Term ‘IPTV’ does not mean anything to customers
Getting quality content HyppTV's biggest challenge
IN the first part of our report on Digital News Asia’s inaugural roundtable, which discussed Internet-Protocol Television (IPTV), our panelists spoke about the potential of IPTV and whether the introduction of connected TVs poses a threat to IPTV.
In this second part, they discuss whether the term IPTV would even exist five years from now, while Jeremy Kung, general manager of new media at Telekom Malaysia Bhd (TM), shares his experience in trying to grow the value proposition of HyppTV.
The other panelists were: C.S. Goh, founder of end-to-end IPTV provider SelectTV Sdn Bhd; Lam Swee Kim, general manager, New Media & Interactive, Media Prima Bhd; Arjun Arasu, chief marketing officer at TIME dotCom Bhd; and Richard Griffiths, vice president of IPTV at Astro.
Arjun (pic) says he is amazed that people were willing to pay RM80 to watch a movie in the cinema and that cinemas in general were doing roaring business. He links this to the strong preference people have for the lean-back experience when it comes to watching video content, be in the cinema or on TV.
Griffiths cheekily says that Malaysia has an economy, hence the ability to pay RM80 for a movie. “That's a lot more than Europe can say at the moment."
The discussion on the question of where they saw IPTV five years from now proves to be a short one, very short.
All agree that the term would have disappeared by then, with consumers just referring to it as … TV.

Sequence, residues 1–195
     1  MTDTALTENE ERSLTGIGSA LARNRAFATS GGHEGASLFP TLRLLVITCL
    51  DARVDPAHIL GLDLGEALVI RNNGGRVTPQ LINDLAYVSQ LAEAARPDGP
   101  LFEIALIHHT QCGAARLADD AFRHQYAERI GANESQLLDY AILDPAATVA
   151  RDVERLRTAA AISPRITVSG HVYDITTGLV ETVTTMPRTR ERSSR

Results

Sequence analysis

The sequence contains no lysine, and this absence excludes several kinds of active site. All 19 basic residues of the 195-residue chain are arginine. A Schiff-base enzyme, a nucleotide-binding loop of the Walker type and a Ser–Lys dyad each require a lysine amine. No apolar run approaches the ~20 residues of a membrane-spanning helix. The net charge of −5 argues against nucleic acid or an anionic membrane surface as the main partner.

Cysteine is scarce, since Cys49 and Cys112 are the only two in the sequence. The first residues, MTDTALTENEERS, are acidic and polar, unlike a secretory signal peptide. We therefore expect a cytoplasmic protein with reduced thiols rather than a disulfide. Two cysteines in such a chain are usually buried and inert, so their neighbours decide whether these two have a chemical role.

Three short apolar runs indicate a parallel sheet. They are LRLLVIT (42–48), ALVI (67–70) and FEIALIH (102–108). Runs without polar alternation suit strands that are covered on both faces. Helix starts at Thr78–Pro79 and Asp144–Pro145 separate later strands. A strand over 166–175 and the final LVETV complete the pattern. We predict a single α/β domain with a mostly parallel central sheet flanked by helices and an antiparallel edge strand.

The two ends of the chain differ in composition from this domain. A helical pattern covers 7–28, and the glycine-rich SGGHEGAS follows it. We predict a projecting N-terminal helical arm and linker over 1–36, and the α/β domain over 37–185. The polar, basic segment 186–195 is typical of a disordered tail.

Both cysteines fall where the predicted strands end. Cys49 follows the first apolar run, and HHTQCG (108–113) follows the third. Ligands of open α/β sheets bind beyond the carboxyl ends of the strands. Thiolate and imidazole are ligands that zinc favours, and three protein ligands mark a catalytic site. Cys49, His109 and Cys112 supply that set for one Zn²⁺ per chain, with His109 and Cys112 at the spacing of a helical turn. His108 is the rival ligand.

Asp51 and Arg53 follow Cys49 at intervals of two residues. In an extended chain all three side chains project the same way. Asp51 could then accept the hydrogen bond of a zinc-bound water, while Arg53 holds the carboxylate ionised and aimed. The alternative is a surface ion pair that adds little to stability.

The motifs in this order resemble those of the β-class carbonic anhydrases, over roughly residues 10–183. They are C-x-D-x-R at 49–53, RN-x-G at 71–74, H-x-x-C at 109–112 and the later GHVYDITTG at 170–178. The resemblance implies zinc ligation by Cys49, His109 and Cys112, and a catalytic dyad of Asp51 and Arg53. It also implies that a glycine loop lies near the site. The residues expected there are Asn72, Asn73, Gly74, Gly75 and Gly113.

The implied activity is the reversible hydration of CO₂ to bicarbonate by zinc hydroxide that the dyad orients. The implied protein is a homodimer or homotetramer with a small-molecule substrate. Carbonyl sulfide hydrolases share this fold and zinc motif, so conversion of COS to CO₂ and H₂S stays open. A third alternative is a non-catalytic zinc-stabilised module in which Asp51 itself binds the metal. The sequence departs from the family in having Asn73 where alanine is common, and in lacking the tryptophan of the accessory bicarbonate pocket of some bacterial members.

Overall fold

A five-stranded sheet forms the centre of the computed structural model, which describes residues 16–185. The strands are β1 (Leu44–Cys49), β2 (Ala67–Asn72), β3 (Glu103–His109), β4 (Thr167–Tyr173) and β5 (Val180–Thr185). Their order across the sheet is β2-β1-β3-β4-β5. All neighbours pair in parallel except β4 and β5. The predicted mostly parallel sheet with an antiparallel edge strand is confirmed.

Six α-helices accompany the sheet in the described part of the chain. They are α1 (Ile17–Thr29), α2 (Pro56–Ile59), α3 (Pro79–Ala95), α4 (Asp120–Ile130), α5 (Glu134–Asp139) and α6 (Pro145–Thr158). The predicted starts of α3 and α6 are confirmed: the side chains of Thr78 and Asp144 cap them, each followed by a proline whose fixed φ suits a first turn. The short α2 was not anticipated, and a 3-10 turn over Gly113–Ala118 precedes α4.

“Consumers do not care, they just see it as TV,” says Arjun, with Lam nodding in agreement.
TIME has first-hand experience with this as it wires up condo units which want Astro's HD (high-definition) package via Astro B.yond.
“The only people who know that B.yond is being delivered via IPTV are those who were in the units while we were doing the installation. To the rest, they don't care. To them it is just TV,” he says.
Goh however believes that a much more personalized experience will evolve out of today's IPTV landscape.
“You are going to see a lot more artificial intelligence used to deliver a more personalized experience; you will see a richer and more meaningful sharing of community-based content -- but with the lean-back experience still the key to this platform’s future.”
Apps to add value
Adding to the lean-back experience, within the context of apps for Astro, Griffiths (pic) says that he would be keen to leverage on familiar Internet brands into the TV-viewing experience where appropriate.
“I would put a Facebook or Twitter app on a show if it will help me get 10% more audience, but it has to be an appropriate abstraction, not the whole Facebook or Twitter app. It would be some trivial service – for instance, a twitter app that let’s you share with friends the show you are currently watching.”
Interestingly, the question of piracy only arises briefly, with Kung noting that content providers are happy with managed over-the-top services (where content is delivered to customers over the Internet with a guarantee of the user-viewing experience; with Digital Rights Management built in, TM has demonstrated zero piracy occurs.)